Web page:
Bryan Gilburg - China

“The new Technical Reference document provides SaMD and/or SiMD manufacturers with additional clarity pertaining to risk classification, application requirements, and cybersecurity expectations.”

Bryan Gilburg

Managing Director

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Hong Kong MDD Issues New Technical Reference Document for SaMD, SiMD and Cybersecurity

Published on: January 18th, 2024

Hong Kong’s Medical Device Division has released a new technical reference document related to software medical devices (SaMD and SiMD). Released on December 29, 2023, TR-007: Software Medical Devices and Cybersecurity, aims to provide more clarity for Software in a Medical Device (SiMD) and standalone software (Software as a Medical Device (SaMD)), specifically related to definitions, classification and cybersecurity. 

A full list of Hong Kong MDD’s Technical Reference documents can be found here. 

Listing Software on the MDACS and Maintaining Compliance

The new technical reference document, TR-007, asserts that SaMD is considered a medical device under Hong Kong’s MDACS and can be listed under their voluntary system. While listing of medical devices on MDACS is currently voluntary, listings are highly preferred by public institution purchasing departments. Therefore, it is recommended that manufacturers list products intended to be sold to public establishments. 

After being listed, manufacturers will need to work closely with their Local Responsible Person (LRP) to guarantee ongoing compliance with version controls. The MDD introduced updated change notification guidance towards the close of 2023 which outlined the differences between minor and major changes. You can read more about the new new change notification guidance here.

Classification of SaMD and SiMD in Hong Kong 

The guidance states that the classification of software medical devices follows the risk-based classification principles outlined in Technical Reference TR-003. Software devices are considered active medical devices and classified in accordance with the formal intended use statement. 

Software as a Medical Device (SaMD) is defined as:

software intended to be used for one or more medical purposes that perform these purposes without being part of a hardware medical device.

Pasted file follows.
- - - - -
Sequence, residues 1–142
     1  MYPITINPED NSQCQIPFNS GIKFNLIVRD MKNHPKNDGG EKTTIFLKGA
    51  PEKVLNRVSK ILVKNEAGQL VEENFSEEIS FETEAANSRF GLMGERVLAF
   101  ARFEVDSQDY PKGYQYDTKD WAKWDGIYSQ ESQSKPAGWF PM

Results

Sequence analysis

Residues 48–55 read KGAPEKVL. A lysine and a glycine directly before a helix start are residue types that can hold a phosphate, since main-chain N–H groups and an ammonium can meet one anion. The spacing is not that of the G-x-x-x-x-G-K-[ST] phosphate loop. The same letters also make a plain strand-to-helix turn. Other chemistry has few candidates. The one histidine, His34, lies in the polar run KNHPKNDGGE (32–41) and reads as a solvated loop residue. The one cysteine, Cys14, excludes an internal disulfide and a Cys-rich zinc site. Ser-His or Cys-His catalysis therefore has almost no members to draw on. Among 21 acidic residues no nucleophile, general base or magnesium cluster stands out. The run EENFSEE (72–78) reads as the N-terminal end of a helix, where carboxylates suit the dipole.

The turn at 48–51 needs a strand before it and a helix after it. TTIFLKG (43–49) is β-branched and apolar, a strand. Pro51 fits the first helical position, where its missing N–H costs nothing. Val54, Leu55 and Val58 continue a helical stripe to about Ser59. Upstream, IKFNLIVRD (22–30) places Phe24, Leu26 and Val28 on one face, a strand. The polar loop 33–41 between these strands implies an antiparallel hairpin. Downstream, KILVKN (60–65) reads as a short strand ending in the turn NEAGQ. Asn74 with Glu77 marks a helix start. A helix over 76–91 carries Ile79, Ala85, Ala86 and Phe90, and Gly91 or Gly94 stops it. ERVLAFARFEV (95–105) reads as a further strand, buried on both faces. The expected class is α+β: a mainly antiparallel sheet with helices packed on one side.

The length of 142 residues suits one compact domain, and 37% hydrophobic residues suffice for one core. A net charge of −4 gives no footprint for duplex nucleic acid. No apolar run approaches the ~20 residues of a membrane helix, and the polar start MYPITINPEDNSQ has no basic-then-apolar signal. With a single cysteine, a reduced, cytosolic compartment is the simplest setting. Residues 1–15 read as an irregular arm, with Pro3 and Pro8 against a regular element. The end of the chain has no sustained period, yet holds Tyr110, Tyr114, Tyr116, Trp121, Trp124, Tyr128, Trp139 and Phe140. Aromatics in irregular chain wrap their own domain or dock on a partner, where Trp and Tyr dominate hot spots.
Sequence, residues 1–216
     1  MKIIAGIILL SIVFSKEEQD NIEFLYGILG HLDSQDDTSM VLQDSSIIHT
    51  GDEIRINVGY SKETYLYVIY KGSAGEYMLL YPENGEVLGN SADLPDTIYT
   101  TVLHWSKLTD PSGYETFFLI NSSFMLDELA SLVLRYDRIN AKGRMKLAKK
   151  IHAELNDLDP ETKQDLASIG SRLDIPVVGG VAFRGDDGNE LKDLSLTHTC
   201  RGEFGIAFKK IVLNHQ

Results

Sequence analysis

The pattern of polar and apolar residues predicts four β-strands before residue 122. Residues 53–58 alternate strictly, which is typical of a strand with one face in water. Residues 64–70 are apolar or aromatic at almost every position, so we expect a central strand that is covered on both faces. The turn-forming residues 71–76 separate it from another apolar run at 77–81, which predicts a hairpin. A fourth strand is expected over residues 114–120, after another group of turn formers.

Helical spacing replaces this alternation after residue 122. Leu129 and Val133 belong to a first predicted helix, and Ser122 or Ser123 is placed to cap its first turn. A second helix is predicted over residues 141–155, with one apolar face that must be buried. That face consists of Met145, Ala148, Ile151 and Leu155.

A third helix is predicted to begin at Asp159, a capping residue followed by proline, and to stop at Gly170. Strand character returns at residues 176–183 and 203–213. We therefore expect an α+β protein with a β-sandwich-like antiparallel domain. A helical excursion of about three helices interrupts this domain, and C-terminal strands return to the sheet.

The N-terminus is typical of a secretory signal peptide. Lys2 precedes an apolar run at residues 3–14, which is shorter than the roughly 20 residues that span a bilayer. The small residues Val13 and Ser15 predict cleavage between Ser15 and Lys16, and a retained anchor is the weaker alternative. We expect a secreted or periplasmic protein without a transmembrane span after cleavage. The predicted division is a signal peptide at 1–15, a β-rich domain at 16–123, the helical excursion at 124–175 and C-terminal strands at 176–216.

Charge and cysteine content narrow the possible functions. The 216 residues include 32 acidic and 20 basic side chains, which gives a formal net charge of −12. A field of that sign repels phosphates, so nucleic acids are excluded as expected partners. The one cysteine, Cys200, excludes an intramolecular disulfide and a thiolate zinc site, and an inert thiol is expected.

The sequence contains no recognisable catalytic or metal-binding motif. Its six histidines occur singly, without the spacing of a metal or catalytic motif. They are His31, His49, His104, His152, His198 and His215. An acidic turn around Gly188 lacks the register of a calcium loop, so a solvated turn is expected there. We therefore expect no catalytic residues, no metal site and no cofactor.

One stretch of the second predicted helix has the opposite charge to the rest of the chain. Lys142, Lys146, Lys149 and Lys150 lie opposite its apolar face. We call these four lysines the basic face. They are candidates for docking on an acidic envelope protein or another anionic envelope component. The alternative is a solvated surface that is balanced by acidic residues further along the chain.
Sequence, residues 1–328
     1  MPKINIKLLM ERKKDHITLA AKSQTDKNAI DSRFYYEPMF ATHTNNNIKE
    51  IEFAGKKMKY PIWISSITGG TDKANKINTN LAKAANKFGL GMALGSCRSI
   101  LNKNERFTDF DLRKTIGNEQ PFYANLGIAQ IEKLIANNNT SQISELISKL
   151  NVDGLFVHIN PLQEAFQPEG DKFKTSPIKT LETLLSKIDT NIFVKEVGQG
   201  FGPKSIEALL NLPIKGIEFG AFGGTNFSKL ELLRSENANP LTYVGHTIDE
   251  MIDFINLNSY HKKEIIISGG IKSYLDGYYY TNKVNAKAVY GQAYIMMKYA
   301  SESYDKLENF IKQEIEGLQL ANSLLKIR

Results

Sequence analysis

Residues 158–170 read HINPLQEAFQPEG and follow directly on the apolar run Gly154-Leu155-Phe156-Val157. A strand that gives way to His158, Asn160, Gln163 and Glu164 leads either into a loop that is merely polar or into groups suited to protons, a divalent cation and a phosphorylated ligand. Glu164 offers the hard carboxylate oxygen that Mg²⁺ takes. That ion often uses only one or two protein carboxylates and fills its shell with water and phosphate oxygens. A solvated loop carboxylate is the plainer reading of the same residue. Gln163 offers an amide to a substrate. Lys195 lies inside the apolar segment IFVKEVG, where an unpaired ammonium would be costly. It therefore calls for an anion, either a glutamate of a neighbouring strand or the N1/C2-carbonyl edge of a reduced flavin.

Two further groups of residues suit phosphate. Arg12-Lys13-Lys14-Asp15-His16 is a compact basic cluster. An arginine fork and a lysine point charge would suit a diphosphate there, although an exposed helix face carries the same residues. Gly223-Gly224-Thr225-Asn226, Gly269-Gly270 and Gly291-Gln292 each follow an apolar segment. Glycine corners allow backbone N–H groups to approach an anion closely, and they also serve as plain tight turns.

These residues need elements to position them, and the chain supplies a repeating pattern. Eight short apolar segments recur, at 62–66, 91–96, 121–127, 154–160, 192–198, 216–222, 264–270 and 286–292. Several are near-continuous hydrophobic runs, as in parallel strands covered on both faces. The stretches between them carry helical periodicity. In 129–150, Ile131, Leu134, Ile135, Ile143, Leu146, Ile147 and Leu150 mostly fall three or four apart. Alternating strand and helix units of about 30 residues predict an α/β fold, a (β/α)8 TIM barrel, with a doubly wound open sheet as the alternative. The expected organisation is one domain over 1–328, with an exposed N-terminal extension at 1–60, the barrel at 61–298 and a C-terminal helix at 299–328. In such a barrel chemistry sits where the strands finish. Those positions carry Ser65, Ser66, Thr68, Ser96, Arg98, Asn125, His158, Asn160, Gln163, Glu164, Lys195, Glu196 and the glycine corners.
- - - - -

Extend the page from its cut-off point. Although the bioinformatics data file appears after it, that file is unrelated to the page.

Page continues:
SaMD typically functions independently and does not require collaboration with a hardware medical device. Generally, SaMD should be listed autonomously and be classified based on its own characteristics using the classification rules outlined in TR-003 and TR-006. Common examples of SaMD include mobile apps, imaging software, and AI applications.

Software in a Medical Device (SiMD) is defined as:

software intended to be used for one or more medical purposes that perform these purposes by controlling and operating a hardware medical device or operating in a medical computing platform.

SiMD typically integrates with a hardware medical device as a component or accessory. In these cases, classification should align with the intended use of this combination. Applicants are recommended to include this software in conjunction with the associated hardware medical device. Common examples of SiMD include patient monitors, ventilators, infusion pumps, etc.

Technical Document Requirements 

Technical document requirements are similar to non-software medical devices with the exception of more obvious documents such as biocompatibility, manufacturing process, and other items related to physical device production. 

Document requirements expected by the MDD, as part of the MDACS listing application, include: 

  1. A quality management system (QMS) – ISO 13485 is considered the standard but the MDD will accept equivalent QMS such as 21 CFR Part 820 (USFDA), or Medical Device Single Audit Program (MDSAP) 
  2. Essential Principles (Technical Reference TR-004)